being a teacher, lessons learned, students

10 + 1 Lessons I Learned the Hard Way

Image from here

Sometimes life smacks you in the face and makes you change your ways for the better.  Fortunately in education, this happens quite a bit, unfortunately it is not always in the most pleasant way.  I present a list of my lessons I learned the hard way.

  1. You may be really excited about something but that does not mean anyone else will be.  I joined Twitter more than a year ago and I have yet to convince anyone close to me of its value.  I remain undeterred in my plug for Twitter but at the same time also realize that perhaps they just don’t want to join.
  2. When you make a lot of changes, not everyone will think they are great.  I have changed many things in my classroom and while I see all of the amazing benefits, not everyone does.  I have many critics and my skin has grown a lot thicker, and yet, ouch.
  3. Not everyone wants to hear your opinion, even if you think it s a good one.  
  4. Not all parents want less homework.  I thought every parent would stand up and cheer at my decision to nearly eliminate homework, but no, some want a lot of homework for their children for various reasons.  I now encourage open dialogue on it and help out where I can.
  5. Lecturing does not engage – and neither does raising your voice and scolding the kids when they tune out.  I figured this one out after 2 years of teaching with glazed over eyes and less than enthusiastic students.  Now I look back at those two first years and shudder.
  6. Rewards diminish the learning.  I used to be a rewards fanatic but realized that kids focused more on which sticker they got then the feedback I gave them.  I also created a class divide in my room with the have’s and the have not’s.  If only I could tell all of those kids that I am sorry for what I did.
  7. When you think everything is going great, you are about to crash.  I don’t know how many times I have been on a teaching high only to crash and burn wickedly.  Life changes quickly, so enjoy the “high” while you can.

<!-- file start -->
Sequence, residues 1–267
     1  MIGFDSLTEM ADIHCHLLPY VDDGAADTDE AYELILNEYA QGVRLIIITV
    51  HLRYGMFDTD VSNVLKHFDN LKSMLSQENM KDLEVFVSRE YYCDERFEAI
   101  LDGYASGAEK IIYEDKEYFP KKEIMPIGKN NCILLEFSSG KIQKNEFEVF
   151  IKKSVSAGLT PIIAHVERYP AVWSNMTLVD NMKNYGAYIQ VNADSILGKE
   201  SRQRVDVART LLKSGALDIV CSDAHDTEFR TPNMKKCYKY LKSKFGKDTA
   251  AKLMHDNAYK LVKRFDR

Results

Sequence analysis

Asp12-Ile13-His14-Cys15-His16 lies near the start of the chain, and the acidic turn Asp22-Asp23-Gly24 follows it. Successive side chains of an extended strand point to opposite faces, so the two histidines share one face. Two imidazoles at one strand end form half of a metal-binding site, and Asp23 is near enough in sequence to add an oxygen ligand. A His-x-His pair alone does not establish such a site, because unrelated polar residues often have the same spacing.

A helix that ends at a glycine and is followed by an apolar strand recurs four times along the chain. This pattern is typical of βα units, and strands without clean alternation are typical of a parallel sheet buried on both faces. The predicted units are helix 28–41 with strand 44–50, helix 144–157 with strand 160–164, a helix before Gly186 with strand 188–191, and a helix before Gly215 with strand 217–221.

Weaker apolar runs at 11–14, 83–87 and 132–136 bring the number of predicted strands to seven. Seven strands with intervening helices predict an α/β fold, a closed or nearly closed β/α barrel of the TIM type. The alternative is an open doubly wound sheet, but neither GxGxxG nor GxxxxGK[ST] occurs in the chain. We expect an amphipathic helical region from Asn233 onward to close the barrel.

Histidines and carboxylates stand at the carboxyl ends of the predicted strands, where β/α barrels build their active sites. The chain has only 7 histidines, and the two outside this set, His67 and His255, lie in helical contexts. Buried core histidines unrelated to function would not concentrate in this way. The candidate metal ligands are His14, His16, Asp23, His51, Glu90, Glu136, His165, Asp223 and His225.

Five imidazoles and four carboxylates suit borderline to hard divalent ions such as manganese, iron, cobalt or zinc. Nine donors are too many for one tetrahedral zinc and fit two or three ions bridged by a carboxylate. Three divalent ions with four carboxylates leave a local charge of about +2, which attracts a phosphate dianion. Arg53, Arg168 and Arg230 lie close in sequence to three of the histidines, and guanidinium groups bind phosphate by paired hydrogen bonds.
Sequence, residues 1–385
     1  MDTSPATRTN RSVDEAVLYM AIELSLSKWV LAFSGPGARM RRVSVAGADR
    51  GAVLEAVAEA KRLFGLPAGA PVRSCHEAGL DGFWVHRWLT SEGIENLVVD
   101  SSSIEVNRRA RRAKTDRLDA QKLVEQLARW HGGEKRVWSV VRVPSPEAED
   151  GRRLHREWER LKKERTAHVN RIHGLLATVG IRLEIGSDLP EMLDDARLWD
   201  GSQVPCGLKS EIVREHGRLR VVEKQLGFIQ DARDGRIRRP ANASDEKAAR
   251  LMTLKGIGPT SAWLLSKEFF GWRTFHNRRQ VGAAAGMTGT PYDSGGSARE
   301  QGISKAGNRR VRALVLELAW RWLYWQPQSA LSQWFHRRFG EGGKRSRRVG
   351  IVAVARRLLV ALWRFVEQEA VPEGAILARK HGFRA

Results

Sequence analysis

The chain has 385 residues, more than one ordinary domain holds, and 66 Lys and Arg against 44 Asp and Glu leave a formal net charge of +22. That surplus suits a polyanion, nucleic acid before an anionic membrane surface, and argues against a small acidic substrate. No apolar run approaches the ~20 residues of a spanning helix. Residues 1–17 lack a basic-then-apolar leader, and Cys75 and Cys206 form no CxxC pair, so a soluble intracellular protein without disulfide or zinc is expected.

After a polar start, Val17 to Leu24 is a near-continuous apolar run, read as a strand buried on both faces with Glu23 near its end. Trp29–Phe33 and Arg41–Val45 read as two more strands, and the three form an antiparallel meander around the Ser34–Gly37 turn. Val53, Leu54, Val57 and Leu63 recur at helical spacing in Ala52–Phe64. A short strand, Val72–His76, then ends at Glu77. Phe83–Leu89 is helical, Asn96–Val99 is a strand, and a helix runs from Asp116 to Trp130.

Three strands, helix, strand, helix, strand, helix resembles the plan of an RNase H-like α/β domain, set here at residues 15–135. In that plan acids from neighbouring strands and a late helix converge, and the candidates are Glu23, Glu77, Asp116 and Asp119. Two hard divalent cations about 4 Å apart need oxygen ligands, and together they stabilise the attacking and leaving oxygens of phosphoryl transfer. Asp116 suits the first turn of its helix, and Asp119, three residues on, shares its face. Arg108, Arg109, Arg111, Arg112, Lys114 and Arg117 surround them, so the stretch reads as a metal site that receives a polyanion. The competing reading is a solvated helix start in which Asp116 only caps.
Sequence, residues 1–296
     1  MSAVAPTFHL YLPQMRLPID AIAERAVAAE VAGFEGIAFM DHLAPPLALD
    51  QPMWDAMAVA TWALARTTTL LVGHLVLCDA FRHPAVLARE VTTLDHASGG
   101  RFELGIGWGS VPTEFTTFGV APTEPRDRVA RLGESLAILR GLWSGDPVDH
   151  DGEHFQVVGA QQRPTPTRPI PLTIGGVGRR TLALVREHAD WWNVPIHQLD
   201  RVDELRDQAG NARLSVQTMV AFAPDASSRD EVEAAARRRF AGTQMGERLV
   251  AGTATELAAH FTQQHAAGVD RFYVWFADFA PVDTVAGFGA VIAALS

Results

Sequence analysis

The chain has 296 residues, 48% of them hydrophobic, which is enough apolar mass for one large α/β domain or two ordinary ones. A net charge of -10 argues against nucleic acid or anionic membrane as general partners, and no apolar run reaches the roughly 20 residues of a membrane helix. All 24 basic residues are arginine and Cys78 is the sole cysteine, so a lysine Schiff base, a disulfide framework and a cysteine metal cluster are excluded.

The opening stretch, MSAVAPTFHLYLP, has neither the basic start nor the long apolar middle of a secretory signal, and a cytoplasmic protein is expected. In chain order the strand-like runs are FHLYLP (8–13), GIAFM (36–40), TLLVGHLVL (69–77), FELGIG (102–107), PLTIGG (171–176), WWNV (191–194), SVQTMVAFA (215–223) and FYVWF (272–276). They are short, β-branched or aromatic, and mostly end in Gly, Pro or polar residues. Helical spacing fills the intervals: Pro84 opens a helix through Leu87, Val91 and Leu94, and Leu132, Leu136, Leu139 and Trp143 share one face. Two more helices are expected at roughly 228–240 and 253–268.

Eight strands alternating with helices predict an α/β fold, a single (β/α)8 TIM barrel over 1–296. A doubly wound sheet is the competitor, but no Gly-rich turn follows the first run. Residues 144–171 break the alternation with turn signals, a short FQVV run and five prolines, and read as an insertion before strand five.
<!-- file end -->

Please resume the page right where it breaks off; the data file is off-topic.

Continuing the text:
8. Putting your thoughts on a blog means everyone wants to debate with you.  Some will cheer, some will challenge, and some will just downright criticize.  Either way, you have to take the good with the bad; it is all part of developing your voice.
  9. Even the best classroom can have a bad day.  I used to beat myself up wondering what went wrong when the day feel apart.  Then I realized that sometimes there is just nothing to do it about it that day, what matters is that you start over the next day.
  10. I am not always right, even if I really, really want to be.  I have some pretty strong opinions and fortunately for me, sometimes they change.  That means I have had to apologize to people, publicly state the change and eat crow in a number of ways.  This is a not a bad thing, but a human thing.
  11. I am not the only teacher in the room.  I thought I was the ultimate authority on everything in my room, and loved to share my vast knowledge into those empty vessels that were my kids.  What a rude awakening when I realized that my students are not blank slates.  Now I remind myself daily to step aside and let them explore and teach each other and me.  

being me, lessons learned

Lessons Learned from Home

Coming home to my native Denmark never ceases to ground me, remind me of who I am, as well as provide a few lessons that I bring back to my classroom.  This year, I chose to share them with you.

On one of my first night’s home, my mother shared this story with me:  In 1938 when my 98-year-old grandmother was young she wanted to go to France with a friend.  The daughter of a woodcarver and an aspiring math teacher, she knew that she could realize this dream but that she would have to bike there; all 648 miles.   Their minds made up though, they rode their single gear bicycles the whole way in 2 weeks, stayed a couple of days and then rode their bikes back.  The whole trip took them around a month.  Lesson learned: perseverance and fortitude.  Instead of waiting for the opportunity to arise, my grandmother or mormor as she is known just did it. 

It has been more than 2 years since my best friends, Laila and Julia, and I have sat face to face.  More children, more wrinkles, and more life experiences have shaped us differently and yet we are still the same.  Those old friendships spanning more than 16 years nurture me and sustain who I am and who I want to be.  Those two know me better than anyone and every time we get together we are able to just be ourselves. 
Lesson learned: those who knew you when, matter the most.

This past weekend as I was home alone with Thea, we were chicken sitting for my aunt.  Imagine my horror as a fox attacked them and I was left to call my aunt with the news that the fox had managed to snag half the hens and all the chicks.  While on the phone, the fox came back for me and charged a chicken close by me.  My reaction:  A blood curdling scream and charging toward it.  The poor chicken ran inside the house, the fox ran the other way.  Mission accomplished. 
Lesson learned:  You never know how you will react when something is at stake.

As I visted my grandparents, I told them of how excited I was to move to 5th grade and in particular what we had planned to do for our math instruction.  My mormor, a former math teacher, instantly perked up and told me that she would really like to hear about what we planned on doing and to keep her informed.  She would even offer up suggestions if she had any.